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In October, Columbia released a short statement—two brief paragraphs—in the aftermath of the Pittsburgh synagogue shooting. They used extremely vague, non-specific language and somehow neglected to mention Jews or antisemitism. In taking an intersectional approach rather than one that explicitly decried anti-Jewish bigotry, they also diluted and drew attention away from the specifically antisemitic nature of the crime, which shocked the community and personally affected many Columbia students. In the administration’s more recent statement on the enormous red swastikas and the antisemitic slur spray-painted on the walls of 77-year-old Jewish Holocaust studies professor Elizabeth Midlarsky’s office on Wednesday, the Administration wrote two generic, three-line paragraphs expressing its “shock and anger” and listing the school’s available resources in this “difficult time.” If this statement was in any sense an attempt to make up for their previously lacking one, they did not do so adequately.

On multiple other occasions, the administration has written thoroughly detailed statements to assuage students’ concerns. For example, in their statement on contentious speakers at Columbia, five exhaustive paragraphs were dedicated to assuring students that their safety and wellbeing would be ensured, along with a note that these speakers’ messages contradict Columbia’s core values and commitment to diversity. Perhaps the response to CUCR speakers would feel less inopportune and inconsistent if the administration provided a more detailed response to what happened on Wednesday—especially considering Columbia’s large population of Jewish undergraduates, many of whom have felt their safety and well-being have been compromised by this gruesome hate crime on our own campus.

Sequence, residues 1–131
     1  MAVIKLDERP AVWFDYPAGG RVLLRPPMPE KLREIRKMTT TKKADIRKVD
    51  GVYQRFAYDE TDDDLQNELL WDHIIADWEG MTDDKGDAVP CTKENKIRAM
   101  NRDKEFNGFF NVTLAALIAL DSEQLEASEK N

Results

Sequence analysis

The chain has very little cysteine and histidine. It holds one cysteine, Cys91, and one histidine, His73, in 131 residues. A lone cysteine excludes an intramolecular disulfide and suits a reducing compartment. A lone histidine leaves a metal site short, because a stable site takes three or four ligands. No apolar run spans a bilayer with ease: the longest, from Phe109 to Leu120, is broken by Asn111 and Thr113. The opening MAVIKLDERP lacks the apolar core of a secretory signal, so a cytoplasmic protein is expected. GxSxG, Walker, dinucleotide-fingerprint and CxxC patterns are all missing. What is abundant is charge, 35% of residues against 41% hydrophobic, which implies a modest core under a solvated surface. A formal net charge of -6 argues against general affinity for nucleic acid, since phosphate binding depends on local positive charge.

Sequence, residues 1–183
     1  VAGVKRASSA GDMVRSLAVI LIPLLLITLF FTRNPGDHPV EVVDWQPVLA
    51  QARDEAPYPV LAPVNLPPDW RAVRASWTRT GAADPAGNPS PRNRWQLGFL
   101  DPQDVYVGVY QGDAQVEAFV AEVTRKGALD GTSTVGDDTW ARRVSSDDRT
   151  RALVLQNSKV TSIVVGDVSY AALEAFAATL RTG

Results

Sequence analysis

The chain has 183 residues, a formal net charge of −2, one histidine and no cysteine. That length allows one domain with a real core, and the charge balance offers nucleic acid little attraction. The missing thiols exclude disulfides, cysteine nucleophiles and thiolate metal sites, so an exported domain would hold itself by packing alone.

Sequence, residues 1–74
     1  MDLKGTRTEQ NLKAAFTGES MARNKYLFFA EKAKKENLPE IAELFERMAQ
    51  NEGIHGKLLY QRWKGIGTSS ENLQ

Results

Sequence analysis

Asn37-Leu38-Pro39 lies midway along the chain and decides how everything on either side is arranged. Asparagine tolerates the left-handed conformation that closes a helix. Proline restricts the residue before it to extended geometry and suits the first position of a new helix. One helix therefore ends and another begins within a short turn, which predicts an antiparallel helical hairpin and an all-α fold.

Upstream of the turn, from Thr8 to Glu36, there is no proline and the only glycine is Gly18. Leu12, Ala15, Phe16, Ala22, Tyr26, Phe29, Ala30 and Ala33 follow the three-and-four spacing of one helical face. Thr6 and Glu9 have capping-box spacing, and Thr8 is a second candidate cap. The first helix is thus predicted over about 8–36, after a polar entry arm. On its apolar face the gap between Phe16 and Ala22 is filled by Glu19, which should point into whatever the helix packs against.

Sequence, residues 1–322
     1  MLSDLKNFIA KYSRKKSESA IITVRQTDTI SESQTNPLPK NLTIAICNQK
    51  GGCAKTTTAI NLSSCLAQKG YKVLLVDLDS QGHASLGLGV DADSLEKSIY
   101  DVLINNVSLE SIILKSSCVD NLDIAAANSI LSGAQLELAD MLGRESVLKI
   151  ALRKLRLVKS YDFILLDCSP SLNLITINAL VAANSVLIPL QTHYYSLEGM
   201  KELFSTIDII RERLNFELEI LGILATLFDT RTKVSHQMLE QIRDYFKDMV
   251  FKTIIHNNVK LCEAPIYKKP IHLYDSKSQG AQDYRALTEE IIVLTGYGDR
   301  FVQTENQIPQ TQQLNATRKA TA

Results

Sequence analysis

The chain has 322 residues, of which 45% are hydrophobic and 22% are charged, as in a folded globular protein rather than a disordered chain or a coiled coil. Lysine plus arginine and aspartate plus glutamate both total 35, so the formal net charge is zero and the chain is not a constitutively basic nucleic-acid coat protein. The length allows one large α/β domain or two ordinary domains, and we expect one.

Rya Inman
Professor Midlarsky found her office vandalized with antisemitic graffiti on November 28. (Rya Inman/Senior Staff Photographer)

In just the last year alone, numerous Columbia professors have also invoked dangerous antisemitic tropes in order to criticize Israel. While criticism of the Jewish state is perfectly acceptable and warranted, using harmful canards in order to do so is not. On one occasion, Professor Rashid Khalidi stated during a radio interview that Israel supporters would “infest” the Trump administration. He used the same word three times. In doing so, he implicates that Zionists are vermin. This Nazi-era rhetoric dehumanizes an entire group of people, many of whom are Jewish, by likening them to pests. Another Columbia professor, Hamid Dabashi, wrote numerous controversial Facebook posts this summer, including one in which he called Israel a “key actor” in “every dirty treacherous ugly and pernicious act happening in the world.” His claim invokes the familiar antisemitic trope that Jews are responsible for all the world’s evils. Though he does not mention Jews specifically, his comment is reminiscent of language historically weaponized against Jews, much like Khalidi’s language.